• David Redding

CHAPTER SIXTEEN: Movement Bias



There is another thing that impacts the accuracy of dead reckoning that is not an externality, but rather resides within the man himself. It is his innate tendency to circumvent obstacles in a particular direction, either to the left or to the right. This “movement bias” is something that every man has. Whether it be a boulder, tree, ravine or swamp, a man will unconsciously bypass it to the same side almost every time, which will cause him to vary from his azimuth in that direction over the course of his movement. The longer the movement, the greater the variance will be.


A man’s movement bias will seriously threaten his ability to locate his objective quickly if he doesn’t learn to account for it. Over time, I learned that my movement bias was to the right, so I didn’t waste any time searching to that side. I only looked to my left, because I knew my tendency was to move in the other direction. If I missed my objective, as I often did, I knew from experience that my movement bias would have caused me to miss to the right.


Just as every soldier has a movement bias that will nudge him off the correct azimuth when he is navigating through the woods, every man has a viewpoint bias that will lead him astray in life if he doesn’t learn to account for it.


To be clear, I refer here to biases based upon ideas or things, not against a set of people based upon their immutable characteristics or the fact that they don’t share the same beliefs. That’s not viewpoint bias, its prejudice, which is the stock-in-trade of the Orist and something against which the Minivan Centurion must discipline himself.


For example, a man can have a bias against ballroom dancing, but if he feels antipathy toward ballroom dancers as a group, that’s not a bias, it’s a prejudice in the form of a preconceived assumption founded upon classification rather than reason or experience. His opinion that ballroom dancing is a waste of time (probably because he has two left feet) does not logically support the notion that all ballroom dancers are bad people. A man could be a ballroom dancing fiend and still be a lovely person. In fact (in my experience) most are. But a man can only make that discovery if he is an Andist who will not allow his bias against ballroom dancing lead him to be prejudiced against its practitioners. That’s what an Orist would do.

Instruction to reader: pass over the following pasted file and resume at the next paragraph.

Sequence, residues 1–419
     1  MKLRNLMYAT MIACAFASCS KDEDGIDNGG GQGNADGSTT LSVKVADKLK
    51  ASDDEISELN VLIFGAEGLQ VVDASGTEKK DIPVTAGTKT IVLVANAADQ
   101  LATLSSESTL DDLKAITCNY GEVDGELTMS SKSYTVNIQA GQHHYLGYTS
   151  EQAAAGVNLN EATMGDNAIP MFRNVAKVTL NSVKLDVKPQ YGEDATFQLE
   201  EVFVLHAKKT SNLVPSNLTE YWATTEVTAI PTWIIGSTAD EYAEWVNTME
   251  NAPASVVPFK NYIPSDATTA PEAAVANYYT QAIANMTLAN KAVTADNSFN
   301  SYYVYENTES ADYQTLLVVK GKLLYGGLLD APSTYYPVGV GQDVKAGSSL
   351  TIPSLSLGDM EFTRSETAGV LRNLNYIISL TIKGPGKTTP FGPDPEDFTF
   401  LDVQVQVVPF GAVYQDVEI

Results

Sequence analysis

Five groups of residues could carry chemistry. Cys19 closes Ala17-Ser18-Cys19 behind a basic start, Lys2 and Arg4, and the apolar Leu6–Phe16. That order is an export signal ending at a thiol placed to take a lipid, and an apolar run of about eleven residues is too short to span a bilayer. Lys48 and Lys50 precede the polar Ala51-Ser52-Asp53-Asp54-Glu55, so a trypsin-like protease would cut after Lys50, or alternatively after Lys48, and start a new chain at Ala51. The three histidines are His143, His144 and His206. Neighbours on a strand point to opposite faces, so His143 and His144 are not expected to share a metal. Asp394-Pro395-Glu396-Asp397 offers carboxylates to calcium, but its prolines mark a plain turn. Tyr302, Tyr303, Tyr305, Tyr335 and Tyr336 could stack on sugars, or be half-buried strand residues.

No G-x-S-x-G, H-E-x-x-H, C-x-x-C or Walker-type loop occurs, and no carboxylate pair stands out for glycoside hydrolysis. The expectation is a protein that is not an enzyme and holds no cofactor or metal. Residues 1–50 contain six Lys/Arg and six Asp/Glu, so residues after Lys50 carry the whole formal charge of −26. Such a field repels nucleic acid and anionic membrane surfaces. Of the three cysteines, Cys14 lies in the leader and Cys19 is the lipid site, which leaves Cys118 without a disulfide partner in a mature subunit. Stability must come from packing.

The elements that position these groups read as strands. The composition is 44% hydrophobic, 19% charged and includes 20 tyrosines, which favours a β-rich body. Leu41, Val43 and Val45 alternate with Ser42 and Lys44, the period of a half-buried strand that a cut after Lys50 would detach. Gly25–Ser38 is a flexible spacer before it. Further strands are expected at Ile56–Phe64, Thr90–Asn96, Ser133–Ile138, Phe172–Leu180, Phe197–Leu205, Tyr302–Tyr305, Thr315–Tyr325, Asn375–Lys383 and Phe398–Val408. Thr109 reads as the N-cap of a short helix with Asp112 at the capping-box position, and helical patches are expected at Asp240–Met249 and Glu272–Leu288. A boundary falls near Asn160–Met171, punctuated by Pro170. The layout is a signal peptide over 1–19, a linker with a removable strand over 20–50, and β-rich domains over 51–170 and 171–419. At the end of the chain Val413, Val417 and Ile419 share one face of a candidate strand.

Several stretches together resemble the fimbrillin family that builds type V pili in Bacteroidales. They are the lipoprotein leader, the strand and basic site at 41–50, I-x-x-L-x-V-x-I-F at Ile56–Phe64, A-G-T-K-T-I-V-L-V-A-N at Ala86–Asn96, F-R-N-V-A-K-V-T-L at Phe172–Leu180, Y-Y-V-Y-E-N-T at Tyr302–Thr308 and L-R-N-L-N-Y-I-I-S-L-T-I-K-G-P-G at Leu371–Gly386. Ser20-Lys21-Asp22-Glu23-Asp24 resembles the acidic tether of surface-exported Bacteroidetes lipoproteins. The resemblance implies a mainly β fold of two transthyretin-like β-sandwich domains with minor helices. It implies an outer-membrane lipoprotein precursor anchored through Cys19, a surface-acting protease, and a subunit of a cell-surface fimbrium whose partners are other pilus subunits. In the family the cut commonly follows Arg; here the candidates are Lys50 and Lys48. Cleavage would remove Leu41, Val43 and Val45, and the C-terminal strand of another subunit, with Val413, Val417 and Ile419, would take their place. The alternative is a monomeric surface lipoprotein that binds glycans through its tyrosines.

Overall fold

It is of prejudice rather than bias to which Martin Luther King referred when he said he looked to a day when people will not be judged by the color of their skin, but by the content of their character. Like him, the Minivan Centurion is a man of hope who believes that prejudice is something above which humans will someday rise. But he is also an Andist who recognizes that viewpoint bias (just like movement bias) has and always will be with us, as nothing changes under the sun. It is baked into our capacity to reason, which is what provides us the free will to decide for ourselves what we believe or reject.


In this sense, viewpoint bias standing alone is neither a good nor bad thing, but rather a innate characteristic that has the capacity to lead to a positive or negative outcome depending upon how a man uses it. If he employs his viewpoint bias to Collision Learn, he will grow as a man and be an asset. Conversely, if he allows it to close his mind, he will stultify and become a liability.


Because his credo drives him to be an asset, the Minivan Centurion is a Collision Learner who regards viewpoint bias as a tool that can be used to build up or tear down, like a hammer. Good Carpenter that he is, he doesn’t blame his tools when he fails to reach his objective. Instead, he looks first to himself and considers whether he has sufficiently accounted for his viewpoint bias if he finds himself varying from the proper azimuth.


Unfortunately, that perspective is a radical notion to the predominant culture, which blends bias and prejudice into a single pernicious cocktail that it purports to be unfit for human consumption under any circumstances. That is a fallacy of a mind closed by the over-reliance upon didacticism to the exclusion of the search for wisdom.